Believe it or not, the color scheme of your logo or marketing materials could have an effect on the buying process.
According to researchers, up to 90-percent of snap judgments made about products can be based on color alone, depending on the product. (Impact of Color Marketing)
While colors are carefully considered when choosing a logo, those decisions are generally based on appearance. It’s time to also consider the psychology of those colors.
“Color is ubiquitous and is a source of information. People make up their minds within 90 seconds of their initial interactions with either people or products. About 62‐90 percent of the assessment is based on colors alone. So, prudent use of colors can contribute not only to differentiate products from competitors but also to influencing moods and feelings–positively or negatively–and therefore, to attitude towards certain products,” according to the research of Satyendra Singh, Department of Administrative Studies, University of Winnipeg, Winnipeg, Canada.
Stereotyping Color and Emotion
Most of the color theory assigning emotion to color branding is too general and stereotypical. For example, these are the kinds of emotions tied to colors on charts all over the Internet:
- Red is angry
- Blue is calm
- Yellow is happy
Depending on personal experience and the context, these might not be wrong. However, marketers and designers can’t take these simplistic color charts seriously. It’s all about context. For example, some people will associate white with anything from snow sports to death to blandness to purity. Some people have had good experiences with blue, and others have negative thoughts about any cool tones. Some colors can even evoke a response based on where a customer went to school.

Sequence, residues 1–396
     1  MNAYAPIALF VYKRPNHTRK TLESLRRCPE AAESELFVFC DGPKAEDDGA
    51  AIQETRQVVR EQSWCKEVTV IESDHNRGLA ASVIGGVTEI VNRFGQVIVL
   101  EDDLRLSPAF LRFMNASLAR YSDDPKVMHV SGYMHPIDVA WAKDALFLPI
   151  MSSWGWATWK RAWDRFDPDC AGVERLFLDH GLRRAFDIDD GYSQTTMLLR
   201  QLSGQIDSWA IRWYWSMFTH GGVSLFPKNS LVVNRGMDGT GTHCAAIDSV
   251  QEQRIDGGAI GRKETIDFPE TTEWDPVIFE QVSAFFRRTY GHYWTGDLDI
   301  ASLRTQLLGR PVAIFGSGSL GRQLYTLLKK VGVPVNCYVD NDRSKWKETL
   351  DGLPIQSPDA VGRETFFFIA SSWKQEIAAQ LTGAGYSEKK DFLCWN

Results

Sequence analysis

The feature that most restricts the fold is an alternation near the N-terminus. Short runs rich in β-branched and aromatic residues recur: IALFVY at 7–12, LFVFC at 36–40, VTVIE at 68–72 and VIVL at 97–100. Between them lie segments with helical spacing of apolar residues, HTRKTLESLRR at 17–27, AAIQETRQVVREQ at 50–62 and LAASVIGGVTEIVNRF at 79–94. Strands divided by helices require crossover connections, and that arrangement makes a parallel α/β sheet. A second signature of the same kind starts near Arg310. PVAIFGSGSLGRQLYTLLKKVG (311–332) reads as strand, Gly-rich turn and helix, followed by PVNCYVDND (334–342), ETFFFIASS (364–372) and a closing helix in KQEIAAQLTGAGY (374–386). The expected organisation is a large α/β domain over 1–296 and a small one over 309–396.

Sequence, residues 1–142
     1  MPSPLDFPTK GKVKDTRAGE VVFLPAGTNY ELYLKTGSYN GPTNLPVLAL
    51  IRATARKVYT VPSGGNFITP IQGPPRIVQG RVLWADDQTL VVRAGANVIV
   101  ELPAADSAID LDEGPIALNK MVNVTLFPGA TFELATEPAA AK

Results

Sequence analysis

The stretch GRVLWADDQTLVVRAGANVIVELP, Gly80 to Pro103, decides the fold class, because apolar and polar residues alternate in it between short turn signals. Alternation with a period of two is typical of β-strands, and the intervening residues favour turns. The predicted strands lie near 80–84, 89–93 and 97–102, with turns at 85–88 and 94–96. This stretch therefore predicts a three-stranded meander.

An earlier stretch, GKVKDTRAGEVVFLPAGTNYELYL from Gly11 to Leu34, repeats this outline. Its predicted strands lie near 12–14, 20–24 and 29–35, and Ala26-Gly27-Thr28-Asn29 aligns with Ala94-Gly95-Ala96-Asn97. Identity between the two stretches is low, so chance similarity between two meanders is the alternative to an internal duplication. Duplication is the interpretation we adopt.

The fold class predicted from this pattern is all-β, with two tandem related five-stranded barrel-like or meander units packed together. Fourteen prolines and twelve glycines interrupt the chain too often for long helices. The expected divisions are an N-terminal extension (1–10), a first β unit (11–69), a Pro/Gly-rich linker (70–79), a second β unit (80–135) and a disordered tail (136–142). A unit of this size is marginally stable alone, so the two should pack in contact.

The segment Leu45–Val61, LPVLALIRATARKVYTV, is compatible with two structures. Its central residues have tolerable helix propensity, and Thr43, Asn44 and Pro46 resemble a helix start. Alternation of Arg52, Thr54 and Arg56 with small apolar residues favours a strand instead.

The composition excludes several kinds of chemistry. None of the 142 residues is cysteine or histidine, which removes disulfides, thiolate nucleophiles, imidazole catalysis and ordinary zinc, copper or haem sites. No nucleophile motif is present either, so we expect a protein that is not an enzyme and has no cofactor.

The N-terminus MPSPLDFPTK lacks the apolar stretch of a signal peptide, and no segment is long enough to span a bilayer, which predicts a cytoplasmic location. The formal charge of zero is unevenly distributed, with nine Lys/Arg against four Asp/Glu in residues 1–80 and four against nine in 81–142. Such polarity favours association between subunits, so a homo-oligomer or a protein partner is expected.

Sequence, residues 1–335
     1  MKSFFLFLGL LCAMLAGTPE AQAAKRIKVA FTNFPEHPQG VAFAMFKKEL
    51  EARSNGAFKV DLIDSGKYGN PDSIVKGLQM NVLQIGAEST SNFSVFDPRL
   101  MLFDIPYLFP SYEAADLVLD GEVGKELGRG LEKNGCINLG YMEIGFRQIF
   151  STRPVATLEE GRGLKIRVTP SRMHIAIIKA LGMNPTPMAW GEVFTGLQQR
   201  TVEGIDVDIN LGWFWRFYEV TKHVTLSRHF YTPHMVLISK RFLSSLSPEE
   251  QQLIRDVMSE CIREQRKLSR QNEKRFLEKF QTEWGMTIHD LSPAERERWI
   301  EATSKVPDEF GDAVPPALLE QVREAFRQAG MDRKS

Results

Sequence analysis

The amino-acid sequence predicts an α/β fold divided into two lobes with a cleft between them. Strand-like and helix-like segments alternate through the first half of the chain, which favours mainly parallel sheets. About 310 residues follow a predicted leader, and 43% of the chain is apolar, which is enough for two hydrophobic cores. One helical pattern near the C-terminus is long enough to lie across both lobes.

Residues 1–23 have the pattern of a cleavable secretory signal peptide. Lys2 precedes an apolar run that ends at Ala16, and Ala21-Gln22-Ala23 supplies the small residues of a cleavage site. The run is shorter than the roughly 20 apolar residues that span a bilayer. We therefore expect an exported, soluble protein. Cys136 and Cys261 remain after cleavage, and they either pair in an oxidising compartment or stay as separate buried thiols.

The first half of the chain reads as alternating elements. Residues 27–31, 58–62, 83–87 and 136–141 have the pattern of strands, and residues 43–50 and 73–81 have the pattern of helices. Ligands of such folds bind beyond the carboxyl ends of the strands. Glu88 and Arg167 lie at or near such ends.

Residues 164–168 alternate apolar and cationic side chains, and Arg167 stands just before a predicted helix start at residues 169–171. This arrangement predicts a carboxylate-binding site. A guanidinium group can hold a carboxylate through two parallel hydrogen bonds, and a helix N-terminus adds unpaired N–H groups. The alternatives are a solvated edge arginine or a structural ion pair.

It’s impossible to gauge this information for everyone. But by studying your audience and niche, you can infer what kind of personality your product attracts. It’s easy then to make deductions from that point instead of guessing.
Color Emotion Guide
- Blue goes with feelings of trust, security, confidence and intelligence. It produces calm feelings and is recommended for organizations concerned with creating a professional, trusted image.
- Green can either represent wealth and finance (dark green) or entertainment and leisure (light green). Either way, green symbolizes growth, harmony and fresh qualities. We suggest using this when representing testimonials and founder’s stories.
- Red actually increases your heart rate by activating the pituitary gland. Use this when conveying excitement or extreme emotions. Food companies use red in-store signage because it encourages appetite and enhances metabolism. Because red is highly visible and helps bring text and images to the foreground, we suggest using it as an accent on your signage to attract attention to your key messages.
- Yellow gives off joy, happiness, optimism and energy. This color stimulates mental activity and generates muscle energy. Use yellow sparingly or contrast with another color as a way to get attention.
- Orange is enthusiastic and cheerful, a combination of red and yellow attributes. Use orange to convey excitement and strength without overbearing the consumer. It also crosses over with purple to display creativity for a more go-get-em type.
- Black can be powerful, dramatic, classy, or protective. Companies like to use it on timeless, elegant products–especially if they’re expensive, like clothing and technology.
- White exudes simplicity and purity. It emphasizes a brand’s goodness, cleanliness, and innocence. White goes well with health and hygiene, snow or winter, or with certain cleaning products like bleach.
It may be tempting to use many colors to convey a lot of feelings about your brand. But look at the logos in the above graphic. Most of them use one, maybe two colors, and in their native advertisements or branding, have a simple contrast color to make them stand out (such as the black can of Monster with the green logo).
Still, the color combinations you do choose can work depending on your product. A broad variety of colors in an advertisement go well with hedonic (for fun and pleasure) products, especially if advertisements or logos use less information. Simpler palettes, on the other hand, fit utilitarian (for business and home) products and are good for conveying the most information.